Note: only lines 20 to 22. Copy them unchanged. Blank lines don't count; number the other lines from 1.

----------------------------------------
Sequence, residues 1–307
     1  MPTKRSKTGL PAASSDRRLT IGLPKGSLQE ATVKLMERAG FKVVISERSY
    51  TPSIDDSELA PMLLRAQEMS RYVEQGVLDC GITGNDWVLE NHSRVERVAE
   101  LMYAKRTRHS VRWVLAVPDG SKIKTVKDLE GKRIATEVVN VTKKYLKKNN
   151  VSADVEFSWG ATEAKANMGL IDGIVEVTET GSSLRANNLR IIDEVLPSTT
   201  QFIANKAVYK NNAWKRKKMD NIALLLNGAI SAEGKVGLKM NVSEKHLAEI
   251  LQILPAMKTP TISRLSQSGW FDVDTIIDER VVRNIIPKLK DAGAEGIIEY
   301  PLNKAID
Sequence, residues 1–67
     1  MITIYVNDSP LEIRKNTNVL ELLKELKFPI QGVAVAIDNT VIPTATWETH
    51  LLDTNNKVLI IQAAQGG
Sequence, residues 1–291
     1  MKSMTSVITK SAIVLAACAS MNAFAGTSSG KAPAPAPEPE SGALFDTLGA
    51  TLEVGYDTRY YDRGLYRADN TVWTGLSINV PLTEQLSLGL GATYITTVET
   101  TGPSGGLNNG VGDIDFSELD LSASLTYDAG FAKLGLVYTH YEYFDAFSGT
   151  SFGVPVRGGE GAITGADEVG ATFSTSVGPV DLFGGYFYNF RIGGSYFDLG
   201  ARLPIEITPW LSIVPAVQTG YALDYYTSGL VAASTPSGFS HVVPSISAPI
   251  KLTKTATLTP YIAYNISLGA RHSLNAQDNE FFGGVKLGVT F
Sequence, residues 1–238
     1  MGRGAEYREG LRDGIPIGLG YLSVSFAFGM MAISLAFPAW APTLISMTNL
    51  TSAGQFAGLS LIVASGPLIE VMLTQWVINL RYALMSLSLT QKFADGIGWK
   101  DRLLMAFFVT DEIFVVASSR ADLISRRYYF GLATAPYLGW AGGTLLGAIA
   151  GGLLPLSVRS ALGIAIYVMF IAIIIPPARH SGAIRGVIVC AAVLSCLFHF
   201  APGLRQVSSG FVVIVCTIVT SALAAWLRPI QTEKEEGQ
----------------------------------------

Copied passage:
     1  MGRGAEYREG LRDGIPIGLG YLSVSFAFGM MAISLAFPAW APTLISMTNL
    51  TSAGQFAGLS LIVASGPLIE VMLTQWVINL RYALMSLSLT QKFADGIGWK
   101  DRLLMAFFVT DEIFVVASSR ADLISRRYYF GLATAPYLGW AGGTLLGAIA